The Amazon rainforest could fail to generate enough water to sustain itself as soon as 2021, according to Monica de Bolle, a senior fellow at the Peterson Institute for International Economics.
If the current rate of deforestation continues over the next several years, the rainforest will be close to its ‘irreversible tipping point’ as early as 2021, the economist said.
Rapid rates of deforestation, overseen by Brazil’s far-right president, Jair Bolsonaro, has placed the ‘Earth’s oxygen supply’ under tremendous pressure.
Brazil’s President has defended his wishes to develop the Amazon, and supports government plans to mine on protected indigenous land.
Since taking office in January, deforestation rates in the Amazon has significantly increased.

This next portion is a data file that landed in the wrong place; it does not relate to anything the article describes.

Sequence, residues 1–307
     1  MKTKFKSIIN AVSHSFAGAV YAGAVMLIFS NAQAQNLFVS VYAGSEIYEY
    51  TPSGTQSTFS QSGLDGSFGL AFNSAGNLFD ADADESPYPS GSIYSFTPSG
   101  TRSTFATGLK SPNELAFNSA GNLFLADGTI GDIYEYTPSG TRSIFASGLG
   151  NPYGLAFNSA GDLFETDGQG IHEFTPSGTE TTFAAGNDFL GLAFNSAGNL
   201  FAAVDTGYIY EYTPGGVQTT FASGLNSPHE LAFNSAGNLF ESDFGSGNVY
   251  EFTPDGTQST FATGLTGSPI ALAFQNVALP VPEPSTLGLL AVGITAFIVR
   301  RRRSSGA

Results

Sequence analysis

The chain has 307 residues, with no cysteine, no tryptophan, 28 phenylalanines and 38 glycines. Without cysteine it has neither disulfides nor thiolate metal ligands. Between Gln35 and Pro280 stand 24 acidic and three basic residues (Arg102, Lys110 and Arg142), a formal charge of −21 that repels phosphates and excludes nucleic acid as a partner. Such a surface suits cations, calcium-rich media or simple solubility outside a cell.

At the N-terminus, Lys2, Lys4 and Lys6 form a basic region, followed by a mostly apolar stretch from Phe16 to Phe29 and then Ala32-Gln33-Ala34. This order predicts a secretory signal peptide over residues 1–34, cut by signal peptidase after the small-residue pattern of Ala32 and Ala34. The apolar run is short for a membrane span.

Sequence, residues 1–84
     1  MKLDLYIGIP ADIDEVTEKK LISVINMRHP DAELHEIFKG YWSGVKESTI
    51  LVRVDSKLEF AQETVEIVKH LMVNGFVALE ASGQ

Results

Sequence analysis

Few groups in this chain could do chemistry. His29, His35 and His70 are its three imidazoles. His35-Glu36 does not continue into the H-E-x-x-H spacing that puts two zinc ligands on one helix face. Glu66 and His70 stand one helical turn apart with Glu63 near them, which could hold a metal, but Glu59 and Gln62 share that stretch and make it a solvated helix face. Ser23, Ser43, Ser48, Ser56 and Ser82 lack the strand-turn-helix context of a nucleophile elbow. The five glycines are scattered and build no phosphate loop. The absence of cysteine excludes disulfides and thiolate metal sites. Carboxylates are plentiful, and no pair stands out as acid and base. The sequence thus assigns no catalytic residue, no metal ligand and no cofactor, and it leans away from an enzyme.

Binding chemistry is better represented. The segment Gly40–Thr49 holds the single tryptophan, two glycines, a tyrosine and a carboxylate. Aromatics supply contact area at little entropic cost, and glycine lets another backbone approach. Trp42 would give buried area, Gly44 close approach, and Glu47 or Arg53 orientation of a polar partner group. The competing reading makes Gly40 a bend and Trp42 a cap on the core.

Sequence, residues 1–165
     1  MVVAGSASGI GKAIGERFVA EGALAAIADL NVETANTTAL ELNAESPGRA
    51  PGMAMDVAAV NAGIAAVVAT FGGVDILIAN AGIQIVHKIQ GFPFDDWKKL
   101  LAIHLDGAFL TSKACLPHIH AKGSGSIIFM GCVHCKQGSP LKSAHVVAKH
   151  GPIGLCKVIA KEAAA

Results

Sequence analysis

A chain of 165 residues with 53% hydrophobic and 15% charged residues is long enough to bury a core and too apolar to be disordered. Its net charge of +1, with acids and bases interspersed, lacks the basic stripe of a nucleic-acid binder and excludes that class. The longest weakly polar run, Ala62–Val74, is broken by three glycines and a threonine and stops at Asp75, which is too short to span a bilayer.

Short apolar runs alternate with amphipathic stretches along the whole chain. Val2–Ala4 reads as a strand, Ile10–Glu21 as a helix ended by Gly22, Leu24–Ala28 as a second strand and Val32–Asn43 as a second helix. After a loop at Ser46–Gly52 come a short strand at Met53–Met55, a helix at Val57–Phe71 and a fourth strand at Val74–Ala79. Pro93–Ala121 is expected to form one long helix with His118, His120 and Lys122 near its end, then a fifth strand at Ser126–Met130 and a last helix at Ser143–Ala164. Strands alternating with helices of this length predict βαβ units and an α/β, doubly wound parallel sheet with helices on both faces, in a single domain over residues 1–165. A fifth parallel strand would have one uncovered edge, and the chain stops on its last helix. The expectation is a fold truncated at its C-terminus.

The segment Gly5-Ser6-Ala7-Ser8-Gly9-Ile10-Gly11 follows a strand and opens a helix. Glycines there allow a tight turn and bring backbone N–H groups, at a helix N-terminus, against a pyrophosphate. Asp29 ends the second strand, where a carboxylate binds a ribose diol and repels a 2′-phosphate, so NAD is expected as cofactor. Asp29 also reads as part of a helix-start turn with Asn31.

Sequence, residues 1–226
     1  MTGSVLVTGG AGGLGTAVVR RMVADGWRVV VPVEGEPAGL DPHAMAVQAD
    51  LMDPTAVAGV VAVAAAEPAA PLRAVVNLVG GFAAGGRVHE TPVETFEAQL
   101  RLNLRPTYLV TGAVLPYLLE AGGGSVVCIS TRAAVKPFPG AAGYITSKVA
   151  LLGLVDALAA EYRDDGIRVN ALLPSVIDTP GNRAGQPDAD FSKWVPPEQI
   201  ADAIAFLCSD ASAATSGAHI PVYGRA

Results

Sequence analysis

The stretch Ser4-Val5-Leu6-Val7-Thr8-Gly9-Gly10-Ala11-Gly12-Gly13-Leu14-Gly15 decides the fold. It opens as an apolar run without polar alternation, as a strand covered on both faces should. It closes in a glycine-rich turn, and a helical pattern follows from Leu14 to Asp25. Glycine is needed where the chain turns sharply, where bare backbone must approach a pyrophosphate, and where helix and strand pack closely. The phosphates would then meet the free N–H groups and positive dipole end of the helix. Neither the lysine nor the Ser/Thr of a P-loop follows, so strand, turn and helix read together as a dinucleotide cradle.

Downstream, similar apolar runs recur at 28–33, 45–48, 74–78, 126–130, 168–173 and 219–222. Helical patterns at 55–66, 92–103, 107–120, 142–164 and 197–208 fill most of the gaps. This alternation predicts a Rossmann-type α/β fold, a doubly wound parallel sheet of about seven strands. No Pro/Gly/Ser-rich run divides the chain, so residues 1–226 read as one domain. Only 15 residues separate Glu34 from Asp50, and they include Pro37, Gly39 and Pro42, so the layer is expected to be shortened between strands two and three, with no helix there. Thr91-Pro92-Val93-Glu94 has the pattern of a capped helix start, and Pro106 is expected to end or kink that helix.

What the papers say
Amazon rainforest ‘close to irreversible tipping point’
Soaring deforestation coupled with the destructive policies of Brazil’s far-right president, Jair Bolsonaro, could push the Amazon rainforest dangerously to an irreversible “tipping point” within two years, a prominent economist has said.
After this point the rainforest would stop producing enough rain to sustain itself and start slowly degrading into a drier savannah, releasing billions of tonnes of carbon into the atmosphere, which would exacerbate global heating and disrupt weather across South America.